First-half net profit at Cathay Pacific Airways rose to HK$347 million from HK$24 million in the same period last year but still fell short of the company's and analysts' expectations.
Chairman John Slosar said "the results continue to be below where we'd like them to be".
But results in the second half were expected to be "much better" because of seasonal factors and signs of pickup in cargo load, Slosar said.
Shares of Cathay, which includes Cathay Pacific and Dragonair, dropped 1.74 per cent to end yesterday at HK$14.68. In contrast, the benchmark Hang Seng Index finished at its highest in more than 31/2 years by rising 0.81 per cent to 24,890.34 points.
The company reported yesterday that yield, the most important measure of an airline's profitability, slipped 3.5 per cent in the passenger business to 66.6 HK cents and dropped 6.9 per cent for cargo and mail.
The profit margin improved by 0.6 percentage point to 0.7 per cent.
The company blamed industrywide challenges such as high fuel prices and weak cargo demand as well as losses from Air China, in which it holds a 20 per cent stake. The mainland's flag carrier is due to post its results on August 26.
Revenue from passengers accounted for HK$37 billion out of total revenue of HK$51 billion, up 4.4 per cent from the same period last year.
The passenger load factor, which measures how well an airline is filling its planes, improved by 2.3 percentage points to a three-year high of 83.6 per cent, but yield declined 3.5 per cent overall, with European routes being the only ones on which yield improved.
Andrew Orchard, an analyst at CIMB securities, said Cathay's earnings were still "a little underwhelming" given market expectations of a "faster recovery".
"The bigger competitive story is continued short-haul pressure and growing transpacific capacity," said Will Horton, an analyst at the Centre for Aviation. He dismissed competition from Gulf carriers as the main reason for Cathay's performance.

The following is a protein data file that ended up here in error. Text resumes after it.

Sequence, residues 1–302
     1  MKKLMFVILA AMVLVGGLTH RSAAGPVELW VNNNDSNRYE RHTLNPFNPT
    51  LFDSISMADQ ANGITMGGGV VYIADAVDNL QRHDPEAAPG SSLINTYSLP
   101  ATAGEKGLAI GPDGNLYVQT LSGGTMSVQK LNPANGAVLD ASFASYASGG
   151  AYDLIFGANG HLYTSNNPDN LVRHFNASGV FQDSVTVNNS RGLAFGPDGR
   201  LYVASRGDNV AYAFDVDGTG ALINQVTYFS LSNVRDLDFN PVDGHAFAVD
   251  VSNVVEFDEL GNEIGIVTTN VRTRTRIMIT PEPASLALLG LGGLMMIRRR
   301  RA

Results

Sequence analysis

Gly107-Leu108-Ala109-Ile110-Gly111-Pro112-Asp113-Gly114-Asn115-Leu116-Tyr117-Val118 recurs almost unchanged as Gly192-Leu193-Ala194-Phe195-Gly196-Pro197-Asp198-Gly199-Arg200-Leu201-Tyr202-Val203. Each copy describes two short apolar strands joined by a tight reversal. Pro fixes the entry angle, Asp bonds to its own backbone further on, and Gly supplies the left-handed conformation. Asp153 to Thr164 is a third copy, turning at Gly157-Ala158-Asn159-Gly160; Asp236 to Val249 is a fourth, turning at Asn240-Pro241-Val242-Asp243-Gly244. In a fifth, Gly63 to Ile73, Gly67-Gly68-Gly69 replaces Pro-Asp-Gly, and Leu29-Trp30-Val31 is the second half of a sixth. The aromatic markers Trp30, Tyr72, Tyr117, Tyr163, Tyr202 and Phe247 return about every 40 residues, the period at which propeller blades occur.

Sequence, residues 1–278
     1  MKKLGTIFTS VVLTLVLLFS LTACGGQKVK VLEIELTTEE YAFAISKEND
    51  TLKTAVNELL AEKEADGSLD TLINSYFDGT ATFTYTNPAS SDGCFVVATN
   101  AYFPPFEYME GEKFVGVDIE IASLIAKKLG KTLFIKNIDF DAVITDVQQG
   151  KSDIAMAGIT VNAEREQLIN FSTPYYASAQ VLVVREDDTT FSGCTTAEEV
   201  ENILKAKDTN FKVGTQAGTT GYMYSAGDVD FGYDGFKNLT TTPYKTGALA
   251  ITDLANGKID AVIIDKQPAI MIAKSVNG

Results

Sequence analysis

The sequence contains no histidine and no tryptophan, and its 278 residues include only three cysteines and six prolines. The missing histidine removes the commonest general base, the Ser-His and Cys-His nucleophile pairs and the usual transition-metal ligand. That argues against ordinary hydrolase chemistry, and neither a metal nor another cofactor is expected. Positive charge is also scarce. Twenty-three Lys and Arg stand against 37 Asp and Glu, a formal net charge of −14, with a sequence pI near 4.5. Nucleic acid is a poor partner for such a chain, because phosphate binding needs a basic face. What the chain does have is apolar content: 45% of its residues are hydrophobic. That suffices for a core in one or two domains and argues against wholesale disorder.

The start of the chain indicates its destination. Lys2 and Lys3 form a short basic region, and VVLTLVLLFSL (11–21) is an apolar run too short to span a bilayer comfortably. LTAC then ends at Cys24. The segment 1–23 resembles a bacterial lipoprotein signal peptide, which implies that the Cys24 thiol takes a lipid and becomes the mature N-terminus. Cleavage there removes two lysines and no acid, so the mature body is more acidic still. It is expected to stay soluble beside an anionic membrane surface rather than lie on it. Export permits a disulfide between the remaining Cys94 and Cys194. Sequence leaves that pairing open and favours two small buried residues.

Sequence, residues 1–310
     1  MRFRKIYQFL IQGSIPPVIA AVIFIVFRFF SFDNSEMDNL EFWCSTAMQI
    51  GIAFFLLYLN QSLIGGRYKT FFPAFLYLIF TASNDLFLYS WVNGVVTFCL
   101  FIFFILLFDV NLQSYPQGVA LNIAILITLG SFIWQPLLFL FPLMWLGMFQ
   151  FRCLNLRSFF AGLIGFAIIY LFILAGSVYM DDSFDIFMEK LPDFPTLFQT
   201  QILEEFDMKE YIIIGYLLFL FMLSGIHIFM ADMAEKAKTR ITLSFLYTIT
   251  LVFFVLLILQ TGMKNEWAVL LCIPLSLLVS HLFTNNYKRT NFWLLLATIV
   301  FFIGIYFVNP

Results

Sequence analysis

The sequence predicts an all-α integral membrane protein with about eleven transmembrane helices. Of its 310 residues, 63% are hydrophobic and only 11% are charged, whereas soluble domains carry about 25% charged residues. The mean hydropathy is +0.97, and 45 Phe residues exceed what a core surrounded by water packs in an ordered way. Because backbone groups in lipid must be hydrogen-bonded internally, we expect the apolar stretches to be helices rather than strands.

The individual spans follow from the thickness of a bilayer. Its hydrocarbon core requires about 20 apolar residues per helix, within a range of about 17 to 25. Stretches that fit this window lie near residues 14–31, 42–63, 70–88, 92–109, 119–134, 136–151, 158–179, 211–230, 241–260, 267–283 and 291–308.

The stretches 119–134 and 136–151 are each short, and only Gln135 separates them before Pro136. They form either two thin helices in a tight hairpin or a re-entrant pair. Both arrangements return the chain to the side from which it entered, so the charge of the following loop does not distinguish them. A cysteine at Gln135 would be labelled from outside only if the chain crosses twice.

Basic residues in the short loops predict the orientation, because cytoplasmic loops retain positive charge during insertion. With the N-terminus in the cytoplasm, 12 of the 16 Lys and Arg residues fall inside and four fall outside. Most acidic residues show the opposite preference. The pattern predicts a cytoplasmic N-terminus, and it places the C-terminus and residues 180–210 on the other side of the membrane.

Yields from North America, which contributed the most turnover outside Hong Kong and the mainland, are being squeezed by competition.
"It may not be until after 2015 that the market bottoms out," Horton said.
Demand for travel to the mainland was "below expectations" in the first half because of increased competition, the company said. But travel from the mainland continued to grow, and Cathay's cargo business on the mainland also expanded.
Cargo contributed turnover of HK$11.7 billion for the world's largest cargo carrier. Chief executive Ivan Chu said total tonnage rose 8.5 per cent and key markets such as the US, China and Asia showed signs of improvement, but overcapacity worldwide since 2011 remains a challenge.
Fuel costs, accounting for 37.9 per cent of the HK$49 billion total operating costs, increased 5.2 per cent from the same period last year with more flights operated.
Barclays said it expected Cathay's passenger yield to rebound in the second half, driven by the high load factor, fewer new routes, easing political tension in Thailand - which should help short-haul routes - and the accelerated retirement of the company's older aircraft.